Buranyi 2017 Guardian

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Buranyi S (2017) Is the staggeringly profitable business of scientific publishing bad for science? Guardian 2017-06-27.

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Buranyi Stephen (2017) Guardian

Abstract: Scientists create work under their own direction – funded largely by governments – and give it to publishers for free; the publisher pays scientific editors who judge whether the work is worth publishing and check its grammar, but the bulk of the editorial burden – checking the scientific validity and evaluating the experiments, a process known as peer review – is done by working scientists on a volunteer basis. The publishers then sell the product back to government-funded institutional and university libraries, to be read by scientists – who, in a collective sense, created the product in the first place.

Bioblast editor: Gnaiger E

Selected quotes

  • Despite the narrow audience, scientific publishing is a remarkably big business. With total global revenues of more than £19bn, it weighs in somewhere between the recording and the film industries in size, but it is far more profitable. In 2010, Elsevier’s scientific publishing arm reported profits of £724m on just over £2bn in revenue. It was a 36 % margin – higher than Apple, Google, or Amazon posted that year.
  • In order to make money, a traditional publisher – say, a magazine – first has to cover a multitude of costs: it pays writers for the articles; it employs editors to commission, shape and check the articles; and it pays to distribute the finished product to subscribers and retailers. All of this is expensive, and successful magazines typically make profits of around 12-15 %. The way to make money from a scientific article looks very similar, except that scientific publishers manage to duck most of the actual costs. Scientists create work under their own direction – funded largely by governments – and give it to publishers for free; the publisher pays scientific editors who judge whether the work is worth publishing and check its grammar, but the bulk of the editorial burden – checking the scientific validity and evaluating the experiments, a process known as peer review – is done by working scientists on a volunteer basis. The publishers then sell the product back to government-funded institutional and university libraries, to be read by scientists – who, in a collective sense, created the product in the first place.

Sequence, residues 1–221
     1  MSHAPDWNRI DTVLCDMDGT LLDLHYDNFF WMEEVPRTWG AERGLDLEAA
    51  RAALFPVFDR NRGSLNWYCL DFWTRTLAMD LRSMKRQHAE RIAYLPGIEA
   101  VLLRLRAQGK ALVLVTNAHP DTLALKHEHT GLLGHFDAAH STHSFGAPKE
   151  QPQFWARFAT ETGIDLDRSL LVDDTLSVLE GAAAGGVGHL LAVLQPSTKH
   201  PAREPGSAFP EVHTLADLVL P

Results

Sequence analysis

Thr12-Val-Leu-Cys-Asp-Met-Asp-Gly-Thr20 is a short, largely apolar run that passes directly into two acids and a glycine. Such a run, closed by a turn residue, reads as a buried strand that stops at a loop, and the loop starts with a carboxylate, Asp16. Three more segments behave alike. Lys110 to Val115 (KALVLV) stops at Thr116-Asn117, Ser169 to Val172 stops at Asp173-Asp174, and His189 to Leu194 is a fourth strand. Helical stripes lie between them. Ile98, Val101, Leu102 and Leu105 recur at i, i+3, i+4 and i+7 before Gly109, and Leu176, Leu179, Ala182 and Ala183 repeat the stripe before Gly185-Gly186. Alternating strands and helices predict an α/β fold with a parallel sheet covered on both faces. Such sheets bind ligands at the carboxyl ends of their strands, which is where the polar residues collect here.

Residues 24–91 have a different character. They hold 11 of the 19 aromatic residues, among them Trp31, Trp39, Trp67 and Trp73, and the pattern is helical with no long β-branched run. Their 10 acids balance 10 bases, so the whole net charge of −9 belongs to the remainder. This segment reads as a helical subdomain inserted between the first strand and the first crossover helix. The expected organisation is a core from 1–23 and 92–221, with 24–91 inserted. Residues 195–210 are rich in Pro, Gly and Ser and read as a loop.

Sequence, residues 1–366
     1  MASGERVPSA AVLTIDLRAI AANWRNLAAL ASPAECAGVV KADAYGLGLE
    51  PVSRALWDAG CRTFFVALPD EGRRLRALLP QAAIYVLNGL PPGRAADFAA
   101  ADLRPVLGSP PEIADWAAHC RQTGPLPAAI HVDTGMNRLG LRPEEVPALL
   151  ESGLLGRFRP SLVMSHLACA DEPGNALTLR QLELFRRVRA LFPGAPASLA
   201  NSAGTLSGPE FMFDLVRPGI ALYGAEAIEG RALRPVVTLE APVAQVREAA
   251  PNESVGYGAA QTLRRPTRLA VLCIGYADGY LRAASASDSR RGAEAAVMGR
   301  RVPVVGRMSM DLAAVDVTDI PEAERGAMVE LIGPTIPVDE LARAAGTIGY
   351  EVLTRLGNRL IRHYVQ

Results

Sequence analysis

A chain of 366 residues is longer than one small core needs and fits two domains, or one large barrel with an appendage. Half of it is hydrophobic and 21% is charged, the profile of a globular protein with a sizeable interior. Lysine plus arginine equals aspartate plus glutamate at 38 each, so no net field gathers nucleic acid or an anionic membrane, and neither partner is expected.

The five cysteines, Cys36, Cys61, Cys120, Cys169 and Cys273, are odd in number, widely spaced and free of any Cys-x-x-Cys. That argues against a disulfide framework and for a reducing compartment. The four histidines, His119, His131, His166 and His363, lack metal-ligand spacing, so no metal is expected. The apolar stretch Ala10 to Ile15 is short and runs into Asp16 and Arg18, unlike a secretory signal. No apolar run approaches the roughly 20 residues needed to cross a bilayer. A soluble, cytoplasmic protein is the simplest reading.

• The publishing business is “perverse and needless”, the Berkeley biologist Michael Eisen wrote in a 2003 article for the Guardian, declaring that it “should be a public scandal”.
  • A 2013 study, for example, reported that half of all clinical trials in the US are never published in a journal.
  • In a 2008 essay, Dr Neal Young of the National Institutes of Health (NIH), which funds and conducts medical research for the US government, argued that, given the importance of scientific innovation to society, “there is a moral imperative to reconsider how scientific data are judged and disseminated”.
  • But by the end of the 1960s, commercial publishing was considered the status quo, and publishers were seen as a necessary partner in the advancement of science. Pergamon helped turbocharge the field’s great expansion by speeding up the publication process and presenting it in a more stylish package. Scientists’ concerns about signing away their copyright were overwhelmed by the convenience of dealing with Pergamon, the shine it gave their work, and the force of Maxwell’s personality. Scientists, it seemed, were largely happy with the wolf they had let in the door.
  • In 1991, to finance his impending purchase of the New York Daily News, Maxwell sold Pergamon to its quiet Dutch competitor Elsevier for £440m (£919m today).
  • These days, given a choice of projects, a scientist will almost always reject both the prosaic work of confirming or disproving past studies, and the decades-long pursuit of a risky “moonshot”, in favour of a middle ground: a topic that is popular with editors and likely to yield regular publications. “Academics are incentivised to produce research that caters to these demands,” said the biologist and Nobel laureate Sydney Brenner in a 2014 interview, calling the system “corrupt.”
  • In a sense, it is not any one publisher’s fault that the scientific world seems to bend to the industry’s gravitational pull. When governments including those of China and Mexico offer financial bonuses for publishing in high-impact journals, they are not responding to a demand by any specific publisher, but following the rewards of an enormously complex system that has to accommodate the utopian ideals of science with the commercial goals of the publishers that dominate it.
  • despite the backing of some of the biggest funding agencies in the world, including the Gates Foundation and the Wellcome Trust, only about a quarter of scientific papers are made freely available at the time of their publication.
  • In recent years, the most radical opposition to the status quo has coalesced around a controversial website called Sci-Hub – a sort of Napster for science that allows anyone to download scientific papers for free. Its creator, Alexandra Elbakyan, a Kazhakstani, is in hiding, facing charges of hacking and copyright infringement in the US. Elsevier recently obtained a $15m injunction (the maximum allowable amount) against her.

Cited by

Gnaiger 2021 Bioenerg Commun


Gnaiger E (2021) Beyond counting papers – a mission and vision for scientific publication. Bioenerg Commun 2021.5. https://doi:10.26124/BEC:2021-0005


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BEC2021.5